Many people, rural or urban, are disillusioned with Ahmadinejad’s promises of economic justice as a direct result of their experiences during these four years of his presidency. The three weeks before the presidential election the other three candidates made loud accusations about the mismanagement committed by Ahmadinejad’s administration. The presidential debates were important, particularly Ahmadinejad’s misleading graphs during his debate with Karoubi, which he used to proclaim his economic achievements. These graphs were mostly comparisons between the economic conditions of his and previous presidencies (i.e., those of Khatami and Hashemi).  A day after the Ahmadinejad-Karoubi debate, Mousavi showed the true graphs during his debate with Karoubi and compared them with Ahmaidnejad’s version. Mousavi explained that all his data was taken from Central Bank of Iran. Mousavi’s explanation and numbers accorded with people’s financial hardships and frustrations and countered Ahmadinejad’s hollow claims. The other important debate, and the hardest one for Ahmadinejad, was with Rezaie. Ahmadinajed claimed that unemployment rates had decreased during his presidency. Rezaie pointed out that, during Ahmadinejad’s presidency, the definition of unemployment has changed (from two days of work per week to two hours of work per week) and therefore Ahmadinejad’s claims are a manipulation at best. Since Ahmadinejad and Rezaei are both principalists (Osoulger), Rezaei’s criticism of Ahmadinejad’s foreign policy and economic mismanagement are particularly powerful. This caused people to take Mousavi’s words more seriously; it is not simply a fight between a reformist and a principalist.

A friend of mine –who believes the biggest problem in Iran is the disparity between rich and poor, and Ahmadinejad is the one who can decrease or resolve this problem– called me from Nahavand after the presidential debates. She was disillusioned with the demagogic slogans of Ahmadinejad and told me she is not going to vote for him. During these debates, many people, who trusted that Ahmadinejad really cared about low-income and repressed (Mostazafin) Iranians, learned directly from other presidential candidates about his manipulation of numbers and mismanagement of the budget, unemployment rate, inflation, etc. (There was a poll taken three weeks before the election by the Center of Public Opinion that showed significant support for Ahmadinejad, but it was not accurate: the debates decreased Ahmadinejad’s popularity, and the respondents were a relatively small proportion of those who were contacted.)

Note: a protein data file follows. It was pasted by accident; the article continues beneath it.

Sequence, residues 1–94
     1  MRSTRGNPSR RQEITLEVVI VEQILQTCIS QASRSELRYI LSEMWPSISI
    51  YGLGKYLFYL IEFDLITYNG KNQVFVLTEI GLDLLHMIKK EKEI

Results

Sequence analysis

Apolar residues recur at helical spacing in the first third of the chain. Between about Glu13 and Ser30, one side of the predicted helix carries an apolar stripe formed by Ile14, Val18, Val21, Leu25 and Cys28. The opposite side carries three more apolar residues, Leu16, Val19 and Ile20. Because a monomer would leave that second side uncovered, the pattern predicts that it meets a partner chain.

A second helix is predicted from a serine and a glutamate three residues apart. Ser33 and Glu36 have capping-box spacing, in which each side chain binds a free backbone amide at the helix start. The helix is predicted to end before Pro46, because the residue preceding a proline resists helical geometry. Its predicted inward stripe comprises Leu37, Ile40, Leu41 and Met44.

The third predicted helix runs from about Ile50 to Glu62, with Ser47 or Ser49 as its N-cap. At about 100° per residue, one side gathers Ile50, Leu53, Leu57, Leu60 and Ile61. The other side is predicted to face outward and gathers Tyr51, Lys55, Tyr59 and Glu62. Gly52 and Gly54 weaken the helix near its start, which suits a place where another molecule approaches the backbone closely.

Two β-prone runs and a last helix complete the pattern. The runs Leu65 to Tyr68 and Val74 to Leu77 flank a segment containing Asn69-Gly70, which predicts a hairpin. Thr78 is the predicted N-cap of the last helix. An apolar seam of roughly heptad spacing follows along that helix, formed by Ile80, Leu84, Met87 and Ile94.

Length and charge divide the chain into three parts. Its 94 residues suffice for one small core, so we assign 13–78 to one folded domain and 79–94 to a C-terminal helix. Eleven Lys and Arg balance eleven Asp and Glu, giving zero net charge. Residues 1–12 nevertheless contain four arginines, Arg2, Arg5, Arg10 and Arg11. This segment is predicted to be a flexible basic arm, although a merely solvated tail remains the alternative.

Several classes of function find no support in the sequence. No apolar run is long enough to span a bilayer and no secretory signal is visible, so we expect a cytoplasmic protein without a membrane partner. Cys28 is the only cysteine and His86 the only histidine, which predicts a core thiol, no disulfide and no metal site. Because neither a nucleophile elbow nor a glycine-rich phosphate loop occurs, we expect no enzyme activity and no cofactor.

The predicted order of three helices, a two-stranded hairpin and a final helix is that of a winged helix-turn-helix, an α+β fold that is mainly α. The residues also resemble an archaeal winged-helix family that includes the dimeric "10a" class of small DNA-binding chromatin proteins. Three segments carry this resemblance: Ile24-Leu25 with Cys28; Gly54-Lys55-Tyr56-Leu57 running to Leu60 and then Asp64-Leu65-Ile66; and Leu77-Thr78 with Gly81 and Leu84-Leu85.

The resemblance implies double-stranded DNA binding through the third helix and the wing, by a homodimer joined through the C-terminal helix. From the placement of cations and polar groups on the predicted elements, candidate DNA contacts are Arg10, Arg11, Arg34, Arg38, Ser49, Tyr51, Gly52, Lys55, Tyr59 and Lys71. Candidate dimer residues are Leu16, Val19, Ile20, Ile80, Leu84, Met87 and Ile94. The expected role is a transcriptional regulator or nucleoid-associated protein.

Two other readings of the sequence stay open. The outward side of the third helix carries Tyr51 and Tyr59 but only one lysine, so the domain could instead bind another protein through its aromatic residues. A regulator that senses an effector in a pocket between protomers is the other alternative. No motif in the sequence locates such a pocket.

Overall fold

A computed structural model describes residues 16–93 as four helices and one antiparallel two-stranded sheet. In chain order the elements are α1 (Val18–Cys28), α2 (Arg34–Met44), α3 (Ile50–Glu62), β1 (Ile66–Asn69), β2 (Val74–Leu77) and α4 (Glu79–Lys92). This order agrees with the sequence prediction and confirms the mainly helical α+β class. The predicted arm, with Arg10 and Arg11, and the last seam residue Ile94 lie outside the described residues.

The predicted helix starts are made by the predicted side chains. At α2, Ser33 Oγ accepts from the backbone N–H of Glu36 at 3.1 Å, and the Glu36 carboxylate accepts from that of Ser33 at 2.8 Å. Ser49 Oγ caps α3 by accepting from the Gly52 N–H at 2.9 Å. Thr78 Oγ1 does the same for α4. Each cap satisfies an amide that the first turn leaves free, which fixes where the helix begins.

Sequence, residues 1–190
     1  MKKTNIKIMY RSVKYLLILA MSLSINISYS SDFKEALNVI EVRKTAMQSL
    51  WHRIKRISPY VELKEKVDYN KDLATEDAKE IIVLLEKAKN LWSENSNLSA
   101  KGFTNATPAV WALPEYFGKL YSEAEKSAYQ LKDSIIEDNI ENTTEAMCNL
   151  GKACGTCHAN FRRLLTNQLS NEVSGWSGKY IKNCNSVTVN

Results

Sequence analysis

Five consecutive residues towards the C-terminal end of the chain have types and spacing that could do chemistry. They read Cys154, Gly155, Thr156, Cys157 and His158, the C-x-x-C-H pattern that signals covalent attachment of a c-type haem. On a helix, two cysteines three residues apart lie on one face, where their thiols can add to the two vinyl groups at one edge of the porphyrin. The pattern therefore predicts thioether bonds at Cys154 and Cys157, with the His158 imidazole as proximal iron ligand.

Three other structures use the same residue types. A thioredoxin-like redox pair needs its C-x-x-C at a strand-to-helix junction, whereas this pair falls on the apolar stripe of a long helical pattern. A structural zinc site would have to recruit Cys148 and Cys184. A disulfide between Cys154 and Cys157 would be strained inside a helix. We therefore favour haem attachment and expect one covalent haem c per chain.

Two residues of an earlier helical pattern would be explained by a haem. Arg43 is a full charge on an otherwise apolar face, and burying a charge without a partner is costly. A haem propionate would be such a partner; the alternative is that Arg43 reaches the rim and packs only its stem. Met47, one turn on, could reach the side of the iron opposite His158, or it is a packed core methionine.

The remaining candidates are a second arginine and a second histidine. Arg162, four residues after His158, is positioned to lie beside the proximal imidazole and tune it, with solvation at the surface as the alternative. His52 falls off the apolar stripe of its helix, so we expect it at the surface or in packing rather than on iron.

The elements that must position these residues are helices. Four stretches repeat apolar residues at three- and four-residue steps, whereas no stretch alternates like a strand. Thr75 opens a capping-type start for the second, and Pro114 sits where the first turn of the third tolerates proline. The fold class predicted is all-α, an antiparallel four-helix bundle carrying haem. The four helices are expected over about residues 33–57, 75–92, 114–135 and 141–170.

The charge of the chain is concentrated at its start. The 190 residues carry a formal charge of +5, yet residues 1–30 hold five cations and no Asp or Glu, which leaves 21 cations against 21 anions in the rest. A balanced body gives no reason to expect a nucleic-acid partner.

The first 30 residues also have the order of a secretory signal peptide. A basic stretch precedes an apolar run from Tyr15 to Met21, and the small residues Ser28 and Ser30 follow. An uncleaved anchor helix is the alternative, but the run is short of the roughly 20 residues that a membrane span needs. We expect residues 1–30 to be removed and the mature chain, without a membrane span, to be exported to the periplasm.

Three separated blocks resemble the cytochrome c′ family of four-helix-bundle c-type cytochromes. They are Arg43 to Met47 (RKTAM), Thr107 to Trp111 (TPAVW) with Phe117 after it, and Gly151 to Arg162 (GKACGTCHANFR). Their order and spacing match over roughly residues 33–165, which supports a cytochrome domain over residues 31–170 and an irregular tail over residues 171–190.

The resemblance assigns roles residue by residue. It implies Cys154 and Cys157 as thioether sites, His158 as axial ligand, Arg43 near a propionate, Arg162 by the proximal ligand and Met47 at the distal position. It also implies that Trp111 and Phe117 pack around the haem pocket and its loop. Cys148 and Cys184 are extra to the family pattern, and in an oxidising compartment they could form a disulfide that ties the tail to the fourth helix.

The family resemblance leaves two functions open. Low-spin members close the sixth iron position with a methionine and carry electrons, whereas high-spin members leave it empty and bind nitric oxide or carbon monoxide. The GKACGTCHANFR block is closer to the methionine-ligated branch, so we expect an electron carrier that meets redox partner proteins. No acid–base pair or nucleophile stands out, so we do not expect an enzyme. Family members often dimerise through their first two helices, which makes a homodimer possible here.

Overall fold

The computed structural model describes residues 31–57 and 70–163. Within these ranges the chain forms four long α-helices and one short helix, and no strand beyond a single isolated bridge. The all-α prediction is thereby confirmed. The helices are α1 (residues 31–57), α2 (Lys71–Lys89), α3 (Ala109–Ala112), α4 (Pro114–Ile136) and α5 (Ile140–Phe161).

The Euro-American media has reported that the Iranian president does not have much authority in Iran’s political system and therefore it is not important who will become the president. This idea was promulgated by anti-war activists who feared a war with Iran, which would be justified by demonizing Ahmadinejad — calling him an anti-semite and a threat to Israel’s existence. While it is correct that the Iranian president can not order war or an invasion of another country, he _can_ affect sociopolitical freedoms such as limiting cinema, book, and media access.  The president’s economic policies can also have a direct effect on people’s lives.

A month before the election I was discussing the different candidates’ plans with Iranians onfriendfeed.com . We considered many different aspects of each candidate. Mousavi had the support of Khatami; the alliance between Khatami and Mousavi gave the idea that under Mousavi’s presidency there would be increased sociopolitical freedom. Mousavi also had the support of his wife, Zahra Rahnavard, a famous revolutionary feminist who campaigned with him, giving speeches. Zahra Rahnavard gave the idea that women’s rights activists’ demands are more likely to be met if Mousavi becomes president. During his service as the prime minister, Mousavi showed himself to be a socialist in economic policy. His belief in social welfare and social justice caused people to think that he still cares about what most other reformists have abandoned from their political agendas. Unlike Mousavi, however, the other reformists are only focused on sociopolitical freedom. They are pro capitalism and privatization and do not have slogans like Ahmadinejad about poor or repressed (mostazafin) people, albeit Ahmadinejad’s slogans are empty and he is the most pro-privatization president after the revolution. Mousavi appealed to those who seek sociopolitical freedom and to those who care about state welfare. He was a close associate of Khomeini and was once famously told by Khomeini that those who accuse you of not being able to manage the country are themselves not capable of managing a bakery. For many, Khomeini’s support gives Mousavi popularity. Keep in mind that many reformists achieve their legitimacy by mentioning Khomeini’s name in their speeches in order to show commitment to the revolution and its values.